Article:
‘Internal peace process yet to take off in Afghanistan’
Taliban peace process
- Taliban is divided and the factionalism is evident in the way the outfit has held talks with various outside players in the dialogue process, a senior representative of the Afghanistan government has said.
- “So far, the teams that the Taliban sent for talks in Abu Dhabi, Moscow, or in Qatar have revealed that there are many factions in the group.
- They sent different people for different dialogues. The Taliban should appoint a single negotiating team first,” said Mr. Mohib, interacting with a group of journalists here on Saturday.
- National Security Adviser of Afghanistan Hamdullah Mohib said during a visit here that Kabul was firming up its military power while remaining committed to an “Afghan-led and Afghan-owned” peace process. He said there could be no deadline for the peace process as the “intra-Afghan” peace dialogue is yet to take shape.
- The government of President Ashraf Ghani had “contacts” in the Taliban and that it had held “proximity talks” when the group’s representatives came to Abu Dhabi.
- The NSA, however, made it clear that the government of Afghanistan was yet to begin formal dialogue with the Taliban as a violent military conflict with the group carried on in several parts of the country.
- Mr. Mohib said the need of the moment was to create a stage that would support an “Afghan-led and Afghan-owned” peace process that he described as “intra-Afghan” dialogue but could not specify how such a scenario would emerge with military battles raging between the two sides.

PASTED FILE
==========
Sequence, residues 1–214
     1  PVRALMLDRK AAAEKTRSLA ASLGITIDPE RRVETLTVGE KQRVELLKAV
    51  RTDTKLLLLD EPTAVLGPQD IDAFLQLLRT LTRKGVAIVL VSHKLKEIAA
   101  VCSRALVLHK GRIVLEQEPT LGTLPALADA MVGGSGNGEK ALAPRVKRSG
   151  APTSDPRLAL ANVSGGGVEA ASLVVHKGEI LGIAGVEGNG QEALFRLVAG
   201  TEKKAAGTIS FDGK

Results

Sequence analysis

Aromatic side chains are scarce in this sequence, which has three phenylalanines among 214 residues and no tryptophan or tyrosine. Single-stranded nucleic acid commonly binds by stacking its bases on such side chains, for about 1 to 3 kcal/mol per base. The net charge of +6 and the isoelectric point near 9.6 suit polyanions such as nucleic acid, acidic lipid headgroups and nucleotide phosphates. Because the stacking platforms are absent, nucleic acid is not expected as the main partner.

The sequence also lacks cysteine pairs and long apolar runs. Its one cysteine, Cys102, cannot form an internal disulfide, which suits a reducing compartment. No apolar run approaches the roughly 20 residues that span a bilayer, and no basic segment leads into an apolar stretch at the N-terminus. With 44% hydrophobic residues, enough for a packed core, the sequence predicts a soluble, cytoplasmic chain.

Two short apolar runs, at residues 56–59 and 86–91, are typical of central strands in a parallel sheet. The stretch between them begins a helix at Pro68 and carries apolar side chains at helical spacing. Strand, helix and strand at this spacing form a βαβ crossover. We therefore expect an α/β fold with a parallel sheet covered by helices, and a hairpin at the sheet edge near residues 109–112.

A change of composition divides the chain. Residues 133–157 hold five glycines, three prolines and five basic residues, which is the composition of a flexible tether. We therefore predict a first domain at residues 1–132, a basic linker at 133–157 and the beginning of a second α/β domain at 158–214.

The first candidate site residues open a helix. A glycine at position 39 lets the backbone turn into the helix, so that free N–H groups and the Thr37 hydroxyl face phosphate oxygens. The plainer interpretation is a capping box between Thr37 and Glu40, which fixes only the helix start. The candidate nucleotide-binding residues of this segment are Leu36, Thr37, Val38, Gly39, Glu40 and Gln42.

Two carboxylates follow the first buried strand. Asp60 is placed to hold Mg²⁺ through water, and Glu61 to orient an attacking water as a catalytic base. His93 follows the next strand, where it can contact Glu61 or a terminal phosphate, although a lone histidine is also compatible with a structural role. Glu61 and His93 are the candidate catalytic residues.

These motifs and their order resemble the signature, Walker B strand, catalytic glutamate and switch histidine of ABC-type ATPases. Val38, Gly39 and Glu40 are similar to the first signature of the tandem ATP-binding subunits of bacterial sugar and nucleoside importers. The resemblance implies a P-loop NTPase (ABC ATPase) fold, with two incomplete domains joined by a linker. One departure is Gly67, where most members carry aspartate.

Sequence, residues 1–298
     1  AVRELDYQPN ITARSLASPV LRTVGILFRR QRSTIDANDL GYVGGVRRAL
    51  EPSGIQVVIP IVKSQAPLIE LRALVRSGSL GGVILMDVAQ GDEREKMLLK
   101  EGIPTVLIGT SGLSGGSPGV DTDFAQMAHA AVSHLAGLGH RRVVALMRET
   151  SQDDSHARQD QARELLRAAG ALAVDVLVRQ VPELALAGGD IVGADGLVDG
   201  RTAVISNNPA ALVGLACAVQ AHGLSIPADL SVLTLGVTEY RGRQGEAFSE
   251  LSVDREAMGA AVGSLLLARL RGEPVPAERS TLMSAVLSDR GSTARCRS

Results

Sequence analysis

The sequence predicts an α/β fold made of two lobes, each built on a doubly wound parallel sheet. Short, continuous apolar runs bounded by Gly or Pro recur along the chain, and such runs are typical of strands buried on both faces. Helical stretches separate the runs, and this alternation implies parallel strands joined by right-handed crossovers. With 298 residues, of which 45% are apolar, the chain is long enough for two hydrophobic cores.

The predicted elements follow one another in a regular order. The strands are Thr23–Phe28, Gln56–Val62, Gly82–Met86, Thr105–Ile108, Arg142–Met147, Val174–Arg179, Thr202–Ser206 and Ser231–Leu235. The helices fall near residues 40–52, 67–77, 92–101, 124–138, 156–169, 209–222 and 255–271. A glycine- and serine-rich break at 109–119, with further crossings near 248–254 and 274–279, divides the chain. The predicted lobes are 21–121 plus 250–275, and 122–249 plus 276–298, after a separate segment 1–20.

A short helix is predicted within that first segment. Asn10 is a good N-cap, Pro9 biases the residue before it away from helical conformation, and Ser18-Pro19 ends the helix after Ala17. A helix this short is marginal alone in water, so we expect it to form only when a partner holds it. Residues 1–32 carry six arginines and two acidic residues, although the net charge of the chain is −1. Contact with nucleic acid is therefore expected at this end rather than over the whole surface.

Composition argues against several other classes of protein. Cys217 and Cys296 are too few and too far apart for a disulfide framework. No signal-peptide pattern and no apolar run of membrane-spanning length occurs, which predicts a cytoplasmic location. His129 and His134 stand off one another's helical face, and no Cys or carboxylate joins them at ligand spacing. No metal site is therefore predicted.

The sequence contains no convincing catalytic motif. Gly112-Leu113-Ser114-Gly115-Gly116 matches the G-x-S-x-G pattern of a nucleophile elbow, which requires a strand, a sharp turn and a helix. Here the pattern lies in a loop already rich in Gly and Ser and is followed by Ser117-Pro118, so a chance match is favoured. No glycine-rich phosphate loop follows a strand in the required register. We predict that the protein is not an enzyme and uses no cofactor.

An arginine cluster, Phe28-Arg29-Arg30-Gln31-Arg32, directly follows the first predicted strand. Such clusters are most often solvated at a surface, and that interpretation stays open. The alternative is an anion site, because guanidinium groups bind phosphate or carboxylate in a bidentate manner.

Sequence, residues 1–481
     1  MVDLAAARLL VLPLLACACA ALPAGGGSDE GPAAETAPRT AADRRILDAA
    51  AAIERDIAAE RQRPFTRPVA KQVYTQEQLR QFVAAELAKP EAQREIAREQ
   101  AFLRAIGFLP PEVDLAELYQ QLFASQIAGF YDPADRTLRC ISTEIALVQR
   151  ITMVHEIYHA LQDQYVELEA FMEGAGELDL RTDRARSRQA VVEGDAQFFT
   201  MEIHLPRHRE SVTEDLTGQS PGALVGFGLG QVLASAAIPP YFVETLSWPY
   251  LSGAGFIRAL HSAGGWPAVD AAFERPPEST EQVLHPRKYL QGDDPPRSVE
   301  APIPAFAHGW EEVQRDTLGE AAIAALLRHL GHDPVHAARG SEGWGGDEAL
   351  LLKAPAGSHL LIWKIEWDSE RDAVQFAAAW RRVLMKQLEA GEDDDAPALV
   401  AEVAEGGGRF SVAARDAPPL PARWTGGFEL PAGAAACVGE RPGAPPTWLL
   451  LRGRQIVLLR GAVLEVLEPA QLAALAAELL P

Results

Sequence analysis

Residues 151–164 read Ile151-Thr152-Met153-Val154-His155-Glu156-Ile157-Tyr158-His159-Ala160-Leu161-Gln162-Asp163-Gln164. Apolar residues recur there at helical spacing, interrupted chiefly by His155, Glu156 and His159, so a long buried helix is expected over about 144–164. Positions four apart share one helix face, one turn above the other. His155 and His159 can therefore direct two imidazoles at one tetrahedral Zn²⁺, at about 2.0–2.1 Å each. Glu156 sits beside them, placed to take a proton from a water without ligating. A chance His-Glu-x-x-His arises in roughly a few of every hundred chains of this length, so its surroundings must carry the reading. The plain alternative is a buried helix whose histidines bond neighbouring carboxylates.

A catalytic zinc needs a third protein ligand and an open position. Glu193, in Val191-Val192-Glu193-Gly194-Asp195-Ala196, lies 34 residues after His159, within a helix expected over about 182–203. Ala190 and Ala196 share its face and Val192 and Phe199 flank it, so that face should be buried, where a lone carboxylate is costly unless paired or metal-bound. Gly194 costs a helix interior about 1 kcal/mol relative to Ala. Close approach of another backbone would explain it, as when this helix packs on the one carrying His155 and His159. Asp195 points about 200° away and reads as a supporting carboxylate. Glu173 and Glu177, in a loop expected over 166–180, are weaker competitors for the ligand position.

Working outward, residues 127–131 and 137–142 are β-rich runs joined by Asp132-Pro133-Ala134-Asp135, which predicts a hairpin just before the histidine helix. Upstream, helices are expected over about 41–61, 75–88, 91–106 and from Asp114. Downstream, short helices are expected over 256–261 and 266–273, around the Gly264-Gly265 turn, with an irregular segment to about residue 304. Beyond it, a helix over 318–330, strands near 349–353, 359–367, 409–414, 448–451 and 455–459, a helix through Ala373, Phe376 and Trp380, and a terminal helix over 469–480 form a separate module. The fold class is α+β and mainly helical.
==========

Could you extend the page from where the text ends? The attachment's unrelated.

- Different parts of Afghanistan have witnessed heavy fighting between government forces and the Taliban in the past few months even as the regional process of dialogue has continued with the initiative of the U.S., Russia, Saudi Arabia and the UAE.
- More recently, Iran and Turkey have also extended a helping hand in building terms of a dialogue between the two warring sides.
- India, however, does not have formal contact with the Taliban as it maintains friendly bilateral ties with the government in Kabul which has emerged as a strategic partner.
- The government in Kabul was strengthening its military power and an essential part of this was the creation of a credible Air Force which would allow it to maintain military domination across the country after the expected U.S. withdrawal. According to the NSA, who held talks with his Indian counterpart Ajit Doval on January 5, Afghanistan intends to acquire 315 military aircraft that will support its military operations as well as medical emergency requirements.
- Mr. Mohib reiterated Kabul’s continued support for India’s fight against cross-border terrorism, and said his country would not allow any foreign group, including the Lashkar-e-Taiba, to create bases in the areas that bordered Pakistan.
Point to remember